View single post by kurtwaters
 Posted: Mon Apr 15th, 2013 03:31 am
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kurtwaters

 

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From Jee-Host:

On a side note - let's have a test of imagination. Try and make a verbal description of how would you imagine a place with fractional value of number of dimensions. Let's say, instead of mainstream 3 dimensions let it be 3.14 dimensions.
kurtwaters:
My first thought was do you mean the three familiar dimensions plus another .14 dimension or a small bit added to the 3 familiar dimensions. I chose the latter.

 So I imagine a world of 3.14/3 or three 1.046.... dimensions.

     My mind then approaches the problem in this manner:
a point (no dimensions ) would lengthen a little tiny bit.
a line ( one dimension) widen a little tiny bit a plane (two dimensions) would be raised a little tiny bit
a cube ( three dimensions) would cast a funny shadow.
so the 3.14 dimensional world would be a weird, blurry world as though I had the wrong glasses prescription. I would be able to feel the edge of a finite plane. And any point I tried to make would expand. I will continue to imagine.

Jee-Host:
If I may, can I suggest a couple of known conceptions that may add some more perspective to this task of imagining you decided to undertake? Feel free not to read them if you want to do this completely on your own. I'll make the text white so you won't accidentally read it if you don't want to. You're probably familiar with 4-dimensional imaginary hypercube (aka tesseract). It's kind of a common conception, there are even videos of 2D and 3D 'shadows' of tesseract as a computer model. I think observing the way it behaves both mathematically and in terms of theoretical physics can be a decent starting point for this imagination challenge. Another good conception is geometry. Most common Euclid's geometry bases on the fact that sum on triangle angles is always 180 degrees. But there are approaches that challenge this premise. Riemann and Lobachevsky went opposite ways on this and ended up having planes looking like sphere and distinct saddle-like form respectively. I get the impression that you think that you can imagine 3.14 dimensions more accurately than you already did. Thus I'm not going to give my take on it yet to not influence your effort. Please tell me if(when) you'd like me to do it.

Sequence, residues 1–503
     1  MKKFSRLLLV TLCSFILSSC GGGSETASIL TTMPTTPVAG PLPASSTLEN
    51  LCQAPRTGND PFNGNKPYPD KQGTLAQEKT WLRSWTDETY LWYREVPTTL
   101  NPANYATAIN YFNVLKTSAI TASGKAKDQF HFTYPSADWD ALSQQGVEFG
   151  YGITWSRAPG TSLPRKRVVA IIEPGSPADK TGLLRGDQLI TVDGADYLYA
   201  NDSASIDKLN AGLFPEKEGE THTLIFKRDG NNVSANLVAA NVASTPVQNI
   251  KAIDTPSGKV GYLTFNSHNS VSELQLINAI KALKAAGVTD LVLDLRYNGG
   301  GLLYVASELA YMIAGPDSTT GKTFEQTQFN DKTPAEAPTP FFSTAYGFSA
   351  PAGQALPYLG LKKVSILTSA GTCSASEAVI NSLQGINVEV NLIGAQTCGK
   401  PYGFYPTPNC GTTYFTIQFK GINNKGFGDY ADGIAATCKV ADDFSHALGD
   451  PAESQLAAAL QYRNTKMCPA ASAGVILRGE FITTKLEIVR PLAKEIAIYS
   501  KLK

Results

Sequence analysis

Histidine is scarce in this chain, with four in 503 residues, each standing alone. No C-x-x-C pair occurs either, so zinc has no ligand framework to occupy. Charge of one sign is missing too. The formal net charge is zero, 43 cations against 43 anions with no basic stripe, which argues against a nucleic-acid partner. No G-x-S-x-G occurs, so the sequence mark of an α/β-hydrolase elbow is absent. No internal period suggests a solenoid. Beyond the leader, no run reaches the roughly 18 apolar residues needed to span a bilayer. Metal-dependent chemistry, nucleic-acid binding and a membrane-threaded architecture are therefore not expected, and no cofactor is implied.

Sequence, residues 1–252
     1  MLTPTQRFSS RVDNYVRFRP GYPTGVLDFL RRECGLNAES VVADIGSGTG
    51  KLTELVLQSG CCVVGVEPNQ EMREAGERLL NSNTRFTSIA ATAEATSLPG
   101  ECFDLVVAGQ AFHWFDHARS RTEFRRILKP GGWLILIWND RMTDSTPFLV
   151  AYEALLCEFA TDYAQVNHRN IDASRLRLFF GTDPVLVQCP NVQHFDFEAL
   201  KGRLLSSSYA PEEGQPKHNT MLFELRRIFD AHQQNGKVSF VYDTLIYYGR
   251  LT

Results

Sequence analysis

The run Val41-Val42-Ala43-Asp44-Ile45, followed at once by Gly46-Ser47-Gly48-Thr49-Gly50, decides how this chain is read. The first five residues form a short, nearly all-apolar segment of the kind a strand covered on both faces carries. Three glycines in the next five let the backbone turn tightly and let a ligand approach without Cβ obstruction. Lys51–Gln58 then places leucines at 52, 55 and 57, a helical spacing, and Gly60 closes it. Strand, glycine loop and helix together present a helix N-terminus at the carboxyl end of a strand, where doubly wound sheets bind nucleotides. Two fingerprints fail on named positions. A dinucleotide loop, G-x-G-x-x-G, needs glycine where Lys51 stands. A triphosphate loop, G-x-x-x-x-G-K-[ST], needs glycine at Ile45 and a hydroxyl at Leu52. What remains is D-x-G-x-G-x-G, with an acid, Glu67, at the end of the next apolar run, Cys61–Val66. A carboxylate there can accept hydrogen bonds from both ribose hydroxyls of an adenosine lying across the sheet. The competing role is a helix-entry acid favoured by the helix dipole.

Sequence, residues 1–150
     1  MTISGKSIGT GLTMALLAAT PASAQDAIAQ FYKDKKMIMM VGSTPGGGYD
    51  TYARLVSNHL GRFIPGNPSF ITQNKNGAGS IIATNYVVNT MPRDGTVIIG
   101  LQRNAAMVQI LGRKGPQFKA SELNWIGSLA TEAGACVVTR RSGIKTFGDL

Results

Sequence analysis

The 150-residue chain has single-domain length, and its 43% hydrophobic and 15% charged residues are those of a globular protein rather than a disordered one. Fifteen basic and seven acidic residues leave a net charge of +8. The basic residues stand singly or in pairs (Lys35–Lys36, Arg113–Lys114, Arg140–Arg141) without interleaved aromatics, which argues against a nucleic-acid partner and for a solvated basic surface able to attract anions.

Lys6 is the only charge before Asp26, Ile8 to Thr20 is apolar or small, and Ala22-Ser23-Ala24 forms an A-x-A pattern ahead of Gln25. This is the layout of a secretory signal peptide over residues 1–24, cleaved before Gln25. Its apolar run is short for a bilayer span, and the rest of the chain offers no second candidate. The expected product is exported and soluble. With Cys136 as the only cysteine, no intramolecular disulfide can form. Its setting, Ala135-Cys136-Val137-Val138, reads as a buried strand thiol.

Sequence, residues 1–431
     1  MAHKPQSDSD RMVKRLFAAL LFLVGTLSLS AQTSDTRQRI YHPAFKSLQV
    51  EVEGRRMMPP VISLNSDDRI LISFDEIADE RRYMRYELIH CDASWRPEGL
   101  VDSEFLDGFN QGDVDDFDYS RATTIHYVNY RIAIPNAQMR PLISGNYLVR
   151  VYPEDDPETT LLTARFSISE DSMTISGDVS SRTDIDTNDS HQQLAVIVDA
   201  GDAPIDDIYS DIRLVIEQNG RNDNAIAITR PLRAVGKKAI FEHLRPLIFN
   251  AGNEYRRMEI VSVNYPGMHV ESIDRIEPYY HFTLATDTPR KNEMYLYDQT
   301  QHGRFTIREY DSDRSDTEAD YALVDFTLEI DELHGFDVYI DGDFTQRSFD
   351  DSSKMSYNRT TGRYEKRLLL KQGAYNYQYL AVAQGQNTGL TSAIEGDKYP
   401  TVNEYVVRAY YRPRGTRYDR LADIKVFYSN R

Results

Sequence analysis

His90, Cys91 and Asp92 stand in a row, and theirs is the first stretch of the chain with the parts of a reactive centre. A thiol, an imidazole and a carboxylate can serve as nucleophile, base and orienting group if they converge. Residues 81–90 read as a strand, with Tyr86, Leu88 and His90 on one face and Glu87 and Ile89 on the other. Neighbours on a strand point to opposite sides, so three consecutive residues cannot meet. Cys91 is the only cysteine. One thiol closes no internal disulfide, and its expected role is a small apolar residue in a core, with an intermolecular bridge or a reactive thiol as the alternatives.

Mike:
I came upon your puzzle late at night, wrote my initial reaction in this e-mail and then went to bed. As I lie awake waiting for sleep to come I began to realize problems. How does one actually define a dimension? A line can only be 2, right? A point always 0, no? Then I fell asleep.

     In the morning I decided I needed help and before I opened this e-mail I discovered Hausdorff dimensions. Now I have read your e-mail and the cleverly hidden clues and I am imagining a fractional dimension space that would curve and twist. From the point of view of an observer inside this space he would believe he was walking a straight line, but someone outside would observe him walking in curves and would the curves be continuous? And on and on it goes, my attempting to understand.

     So,now, I am ready to hear your take on it. My major in college was Math, but I had to abandon that study because I had to work to make money to pay the bills because I had a wife and two kids by then. I couldn't do both at the same time. My kids are now grown, I divorced the first wife and married another and I am, so to speak, going back to school.